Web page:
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I am just really getting into trying to write MLE commands in R that function and look similar to native R functions. In this attempt I am trying to do a simple MLE with

y=b0 + x*b1 + u

and

u~N(0,sd=s0 + z*s1)

However, even such a simple command I am having difficulty coding. I have written a similar command in Stata in a handful of lines

Here is the code I have written so far in R.

  normalreg <- function (beta, sigma=NULL, data, beta0=NULL, sigma0=NULL,
                         con1 = T, con2 = T) {

    # If a formula for sigma is not specified 
    #  assume it is the same as the formula for the beta.
    if (is.null(sigma)) sigma=beta

    # Grab the call expression
    mf <- match.call(expand.dots = FALSE)

    # Find the position of each argument
    m <- match(c("beta", "sigma", "data", "subset", "weights", "na.action", 
                 "offset"), names(mf), 0L)

    # Adjust names of mf
    mf <- mf[c(1L, m)]

    # Since I have two formulas I will call them both formula
    names(mf)[2:3] <- "formula"

    # Drop unused levels
    mf$drop.unused.levels <- TRUE

    # Divide mf into data1 and data2
    data1  <- data2 <- mf
     data1 <- mf[-3]
     data2 <- mf[-2]

    # Name the first elements model.frame which will be 
    data1[[1L]] <- data2[[1L]] <- as.name("model.frame")

    data1 <- as.matrix(eval(data1, parent.frame()))
    data2 <- as.matrix(eval(data2, parent.frame()))

    y     <- data1[,1]
    data1 <- data1[,-1]
     if (con1)  data1 <- cbind(data1,1)
    data2 <- unlist(data2[,-1])
      if (con2) data2 <- cbind(data2,1)

    data1 <- as.matrix(data1) # Ensure our data is read as matrix
    data2 <- as.matrix(data2) # Ensure our data is read as matrix

    if (!is.null(beta0)) if (length(beta0)!=ncol(data1))
      stop("Length of beta0 need equal the number of ind. data2iables in the first equation")

    if (!is.null(sigma0)) if (length(sigma0)!=ncol(data2)) 
      stop("Length of beta0 need equal the number of ind. data2iables in the second equation")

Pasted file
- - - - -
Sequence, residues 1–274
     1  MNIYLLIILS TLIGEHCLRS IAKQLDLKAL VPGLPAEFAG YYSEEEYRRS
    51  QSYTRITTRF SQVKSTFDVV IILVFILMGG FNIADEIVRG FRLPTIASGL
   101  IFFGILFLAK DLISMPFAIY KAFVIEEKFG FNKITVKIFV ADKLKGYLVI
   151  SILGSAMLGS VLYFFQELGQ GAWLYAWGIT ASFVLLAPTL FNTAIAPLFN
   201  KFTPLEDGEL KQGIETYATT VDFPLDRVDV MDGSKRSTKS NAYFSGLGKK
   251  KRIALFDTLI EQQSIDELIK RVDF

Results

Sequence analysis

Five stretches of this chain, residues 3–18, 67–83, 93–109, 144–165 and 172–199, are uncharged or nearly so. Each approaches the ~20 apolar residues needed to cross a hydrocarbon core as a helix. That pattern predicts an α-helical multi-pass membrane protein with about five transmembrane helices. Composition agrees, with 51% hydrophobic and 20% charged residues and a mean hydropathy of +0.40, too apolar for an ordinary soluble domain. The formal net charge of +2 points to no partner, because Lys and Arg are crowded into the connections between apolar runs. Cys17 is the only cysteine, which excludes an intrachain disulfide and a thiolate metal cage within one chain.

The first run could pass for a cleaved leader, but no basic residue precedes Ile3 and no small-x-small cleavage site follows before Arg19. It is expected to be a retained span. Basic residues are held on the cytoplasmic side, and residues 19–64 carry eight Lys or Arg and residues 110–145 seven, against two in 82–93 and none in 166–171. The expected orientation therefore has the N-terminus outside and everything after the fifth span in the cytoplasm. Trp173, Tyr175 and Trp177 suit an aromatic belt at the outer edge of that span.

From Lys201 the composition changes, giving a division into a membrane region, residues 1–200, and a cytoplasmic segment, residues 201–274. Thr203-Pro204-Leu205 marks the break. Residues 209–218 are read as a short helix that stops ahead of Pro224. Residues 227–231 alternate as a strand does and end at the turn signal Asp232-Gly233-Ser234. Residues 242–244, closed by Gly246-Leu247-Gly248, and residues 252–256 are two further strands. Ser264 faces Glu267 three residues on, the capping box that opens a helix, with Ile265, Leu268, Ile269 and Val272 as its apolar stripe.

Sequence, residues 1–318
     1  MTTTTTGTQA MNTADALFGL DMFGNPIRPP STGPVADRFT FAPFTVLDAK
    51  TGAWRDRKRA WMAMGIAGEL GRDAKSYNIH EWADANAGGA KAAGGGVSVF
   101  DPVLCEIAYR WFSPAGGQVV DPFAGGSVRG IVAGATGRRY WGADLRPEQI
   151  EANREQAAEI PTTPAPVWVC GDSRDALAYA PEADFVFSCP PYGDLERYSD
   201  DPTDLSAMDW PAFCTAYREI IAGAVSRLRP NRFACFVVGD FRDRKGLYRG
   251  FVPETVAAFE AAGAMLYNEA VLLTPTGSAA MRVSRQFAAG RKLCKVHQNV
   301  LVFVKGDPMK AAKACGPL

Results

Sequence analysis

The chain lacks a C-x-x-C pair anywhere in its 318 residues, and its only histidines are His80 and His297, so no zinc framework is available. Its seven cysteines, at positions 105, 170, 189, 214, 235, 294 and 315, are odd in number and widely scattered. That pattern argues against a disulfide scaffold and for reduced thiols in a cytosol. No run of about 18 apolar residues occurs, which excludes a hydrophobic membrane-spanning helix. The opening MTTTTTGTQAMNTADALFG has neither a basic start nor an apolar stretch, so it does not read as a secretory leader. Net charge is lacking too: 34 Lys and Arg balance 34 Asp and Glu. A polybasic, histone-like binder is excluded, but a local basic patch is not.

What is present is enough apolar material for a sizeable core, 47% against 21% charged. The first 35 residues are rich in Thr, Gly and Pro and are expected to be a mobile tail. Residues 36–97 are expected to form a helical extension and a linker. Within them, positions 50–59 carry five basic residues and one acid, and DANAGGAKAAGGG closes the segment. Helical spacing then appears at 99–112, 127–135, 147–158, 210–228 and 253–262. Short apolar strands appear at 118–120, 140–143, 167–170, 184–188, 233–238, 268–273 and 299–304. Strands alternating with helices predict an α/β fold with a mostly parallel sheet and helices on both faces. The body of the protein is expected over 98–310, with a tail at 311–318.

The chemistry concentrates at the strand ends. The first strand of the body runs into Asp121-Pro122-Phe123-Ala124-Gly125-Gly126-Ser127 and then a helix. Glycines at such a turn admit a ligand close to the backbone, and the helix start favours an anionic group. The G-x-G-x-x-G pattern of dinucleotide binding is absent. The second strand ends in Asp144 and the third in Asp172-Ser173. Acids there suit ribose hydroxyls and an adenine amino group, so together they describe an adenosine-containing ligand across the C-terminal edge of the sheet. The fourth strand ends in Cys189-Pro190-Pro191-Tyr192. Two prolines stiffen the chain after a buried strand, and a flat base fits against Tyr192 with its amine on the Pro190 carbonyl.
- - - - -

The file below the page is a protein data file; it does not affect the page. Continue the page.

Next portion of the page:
# Set initial parameter estimates
    if (is.null(beta0))  beta0   <- rep(1, ncol(data1))
    if (is.null(sigma0)) sigma0 <- rep(1, ncol(data2))

    # Define the maximization function
    normMLE <- function(est=c(beta0,sigma0), data1=data1, data2=data2, y=y) {          
      data1est <- as.matrix(est[1:ncol(data1)], nrow=ncol(data1))
      data2est <- as.matrix(est[(ncol(data1)+1):(ncol(data1)+ncol(data2))],
                              nrow=ncol(data1))

      ps <-pnorm(y-data1%*%data1est, 
                       sd=data2%*%data2est)
      # Estimate a vector of log likelihoods based on coefficient estimates
      llk <- log(ps)
      -sum(llk) 
    }

    results <- optim(c(beta0,sigma0), normMLE, hessian=T,
                     data1=data1, data2=data2, y=y)

    results
  }


  x <-rnorm(10000)
  z<-x^2
  y <-x*2 + rnorm(10000, sd=2+z*2) + 10

  normalreg(y~x, y~z)

At this point the biggest issue is finding an optimization routine that does not fail when the some of the values return NA when the standard deviation goes negative. Any suggestions? Sorry for the huge amount of code.

Francis

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2  
You could use a log() / exp() trick to force the sd positive. Obviously the sd can't be negative, so doesn't it kind of make sense that this would throw an error? When you supply the initial values to R, log transform them first (e.g., you think sd=5, so supply log(5)). Inside the MLE function, expnentiate the sd (so exp() the log(5)). This forces it positive. When you go to interpret the model fit, again take the log() of the estimate. –  rbatt Jun 19 '13 at 2:00
    
Good idea. I tried playing with abs() and though it seemed to correct this particular problem of having NAs it did not converge on anything close to the true parameters despite increasing the sample. This indicates to me that I am doing something wrong. –  fsmart Jun 19 '13 at 5:09
    
I think that the BFGS option in optim() let's you set parameter constraints. However, there's no guarantee that this will help.You might just need to take a closer look at the model and data, and see if the model is formulated appropriately. I can't say for sure though. –  rbatt Jun 19 '13 at 5:41
1  
So why does your Stata code NOT produce negative sd values, or why does it not blow up when processing such values? What calculations or "safety checks" are different in your R code? –  Carl Witthoft Jun 19 '13 at 13:10
    
I would really like to know the answer to this question because this seems to argue that despite my preference for R that I should probably to doing my analysis with Stata. –  fsmart Jul 8 '13 at 22:05

1 Answer 1

up vote 2 down vote accepted

I include a check to see if any of the standard deviations are less than or equal to 0 and return a likelihood of 0 if that is the case. Seems to work for me. You can figure out the details of wrapping it into your function.

#y=b0 + x*b1 + u
#u~N(0,sd=s0 + z*s1)

ll <- function(par, x, z, y){
    b0 <- par[1]
    b1 <- par[2]
    s0 <- par[3]
    s1 <- par[4]
    sds <- s0 + z*s1
    if(any(sds <= 0)){
        return(log(0))
    }

    preds <- b0 + x*b1

    sum(dnorm(y, preds, sds, log = TRUE))
}

n <- 100
b0 <- 10
b1 <- 2
s0 <- 2
s1 <- 2
x <- rnorm(n)
z <- x^2
y <- b0 + b1*x + rnorm(n, sd = s0 + s1*z)

optim(c(1,1,1,1), ll, x=x, z=z,y=y, control = list(fnscale = -1))

With that said it probably wouldn't be a bad idea to parameterize the standard deviation in such a way that it is impossible to go negative...

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